Top 10 Best Songs About Chicago In 2022

“Somewhere on Fullerton” by Allister

“Somewhere down on Fullerton / There’s a spot that meant / So much to everyone like me,” says the most Chicagoan line. The Fireside Bowl, which currently offers bowling, was once one of the nation’s top venues for up-and-coming punk and indie talent; while Fall Out Boy screams out plenty of songs about Chicago, this lesser-known single by local punks Allister makes the cut because of its tribute to the Fireside Bowl. “But I’m still trying / Just to figure out why / This seems so wrong / When it seemed so good.” Allister’s response to Fireside’s announcement that it will no longer be presenting regular events says it well.

“The El” by Rhett Miller

One of the most famous Chicago lines: “Let’s assume you’re in Chicago and you’re rattling along on the El / Yeah and the one who rides alongside you is a stranger to herself / Nobody understands her own heart / You could have been acquainted, but you drifted away.” When a song is written about public transportation, you can’t help but respect the artist who manages to make the moving petri dish on the tracks seem lovely. In addition to writing songs about love and heartache, Rhett Miller’s lyrics about making out and breaking up on the train are particularly memorable since we’ve all been exposed to these sad events at some point in our lives.

“Born in Chicago” by Paul Butterfield Blues Band

Well my father advised me, son, you had best buy a pistol,” he said. “It’s the most Chicagoan line,” he said. “I was born in Chicago in nineteen and forty-one.” “Born In Chicago,” the 1965 song by Paul Butterfield Blues Band, is as relevant now as it was in 1965, making them one of the finest blues bands you’ve never heard of. It’s possible that this song, which include lyrics about “going down” with pals who were killed by guns, may serve as a soundtrack to the current discussion over gun violence.

“Chi-City” by Common feat. Kanye West

The most famous Chicago phrase is “And ya say Chi-City / We don’t stop, naw, we don’t quit.” Chi-Raq” may get more attention, but Common has been writing songs about his city long before anybody had heard of Nicki Minaj or her bottom. This star-studded collaboration, which has Kanye West as producer and DJ A-Trak as DJ, features lyrics that are far more sharp than the laid-back beats would suggest.

“Via Chicago” by Wilco

“I’m coming home / I’m coming home / I’m going home / Via Chicago,” is the most famous Chicago song lyric. The emotional substance of this Henry Miller-inspired ballad by Wilco is plainly all about Chicago, despite the fact that the song doesn’t explicitly address the city. In 1998, the song was initially played live at Lounge Ax, a famed Chicago venue that has since been demolished.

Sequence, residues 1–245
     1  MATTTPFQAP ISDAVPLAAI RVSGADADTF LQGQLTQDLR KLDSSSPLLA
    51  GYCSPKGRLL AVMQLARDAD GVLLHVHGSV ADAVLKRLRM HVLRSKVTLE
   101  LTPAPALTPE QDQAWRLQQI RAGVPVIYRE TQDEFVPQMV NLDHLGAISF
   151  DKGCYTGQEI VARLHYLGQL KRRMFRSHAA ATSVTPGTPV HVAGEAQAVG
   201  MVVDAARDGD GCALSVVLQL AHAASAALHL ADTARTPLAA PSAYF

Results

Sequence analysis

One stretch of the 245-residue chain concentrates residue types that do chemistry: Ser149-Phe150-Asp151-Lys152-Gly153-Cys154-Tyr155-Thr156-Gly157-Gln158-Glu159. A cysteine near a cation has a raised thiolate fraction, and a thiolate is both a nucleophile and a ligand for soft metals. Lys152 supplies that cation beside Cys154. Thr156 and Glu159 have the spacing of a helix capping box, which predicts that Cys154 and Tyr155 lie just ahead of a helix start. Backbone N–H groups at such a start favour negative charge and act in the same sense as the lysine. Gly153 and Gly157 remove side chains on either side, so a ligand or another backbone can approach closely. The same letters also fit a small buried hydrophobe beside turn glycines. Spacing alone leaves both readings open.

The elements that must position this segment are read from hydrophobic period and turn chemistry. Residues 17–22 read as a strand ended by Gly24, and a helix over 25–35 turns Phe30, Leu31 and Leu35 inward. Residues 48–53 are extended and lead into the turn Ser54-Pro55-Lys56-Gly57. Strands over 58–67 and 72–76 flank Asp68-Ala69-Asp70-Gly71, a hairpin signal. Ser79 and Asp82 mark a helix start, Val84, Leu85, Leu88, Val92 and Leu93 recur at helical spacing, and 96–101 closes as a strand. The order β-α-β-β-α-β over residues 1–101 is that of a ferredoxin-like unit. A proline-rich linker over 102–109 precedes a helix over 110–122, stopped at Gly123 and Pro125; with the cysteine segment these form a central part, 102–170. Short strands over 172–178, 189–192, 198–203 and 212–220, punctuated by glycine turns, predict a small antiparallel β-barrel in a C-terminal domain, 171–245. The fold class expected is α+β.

“Lake Shore Drive” by Aliotta Haynes Jeremiah

Running south on Lake Shore Drive coming into town, “just slippin’ on by on LSD, Friday night mischief bound,” is the most Chicagoan line. One and only success for Aliotta Haynes Jeremiah in the late ’60s because to the cheeky wordplay of the highway’s initials with ’60s psychedelic drug of choice Lake Shore Drive’s most renowned song In spite of the band’s denial, the song probably wouldn’t have been remembered if the lines like “slippin’ on by on LSD” hadn’t been included.

“Chicago” by Fred Fisher (popularized by Frank Sinatra)

It’s hard to imagine a better way to describe Chicago than this: “Say, you’ll have the time / The time of your life” In my opinion, Frank Sinatra is unquestionably the most cheesy performer of all time (sorry, dad). Because of this, his popular rendition of the song “That Toddling Town” written in 1922 by an unknown singer, Fred Fisher, has become a Chicago classic. At Twin Anchors, perhaps Old Blue Eyes and Sam Giancana sang it together while eating steak. It’s entirely possible.

Tonight, Tonight by The Smashing Pumpkins

The Smashing Pumpkins and Billy Corgan, the band’s legendary lead vocalist, both come from Chicago, so it’s no surprise that they made the cut. “And the fires never die in your city by the lake,” they sing in their romantic song.

Super Bowl Shuffle by The Chicago Bears ’85

The Super Bowl Shuffle is well-known to everyone who grew up watching the Chicago Bears during their Super Bowl heyday in the 1980s (and probably laughs at it). Football fans from all across the country couldn’t get enough of this because it’s the finest song and dance the NFL has ever put out!

Homecoming by Kanye West

With lines like “They can come from out of town I like to show her off” and “I think that’s why last winter she got so chilly on me,” this hymn by a homesick Kanye personifies Chicago as a “Windy” girl. When Chris Martin of Coldplay sings the lyric “Fireworks at Lake Michigan,” you know you’re at the right place.

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